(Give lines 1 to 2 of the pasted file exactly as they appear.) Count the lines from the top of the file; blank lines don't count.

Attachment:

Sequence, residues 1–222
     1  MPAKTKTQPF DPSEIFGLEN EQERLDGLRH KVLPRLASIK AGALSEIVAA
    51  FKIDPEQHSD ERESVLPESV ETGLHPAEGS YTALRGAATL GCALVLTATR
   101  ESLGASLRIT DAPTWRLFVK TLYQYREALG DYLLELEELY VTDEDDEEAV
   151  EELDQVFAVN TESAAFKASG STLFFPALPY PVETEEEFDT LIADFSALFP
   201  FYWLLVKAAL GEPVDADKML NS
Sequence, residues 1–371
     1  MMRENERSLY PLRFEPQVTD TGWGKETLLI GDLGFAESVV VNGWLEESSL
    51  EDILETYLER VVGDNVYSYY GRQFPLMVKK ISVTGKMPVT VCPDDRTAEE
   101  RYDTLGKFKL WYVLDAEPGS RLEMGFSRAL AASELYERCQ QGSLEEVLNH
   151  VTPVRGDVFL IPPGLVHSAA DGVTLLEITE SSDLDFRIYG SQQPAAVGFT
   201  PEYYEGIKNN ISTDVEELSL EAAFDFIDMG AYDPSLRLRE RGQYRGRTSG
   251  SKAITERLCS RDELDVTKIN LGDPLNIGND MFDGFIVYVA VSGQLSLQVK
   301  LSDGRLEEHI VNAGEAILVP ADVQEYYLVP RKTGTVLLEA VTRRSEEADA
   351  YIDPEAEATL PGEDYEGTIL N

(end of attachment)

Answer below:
Sequence, residues 1–222
     1  MPAKTKTQPF DPSEIFGLEN EQERLDGLRH KVLPRLASIK AGALSEIVAA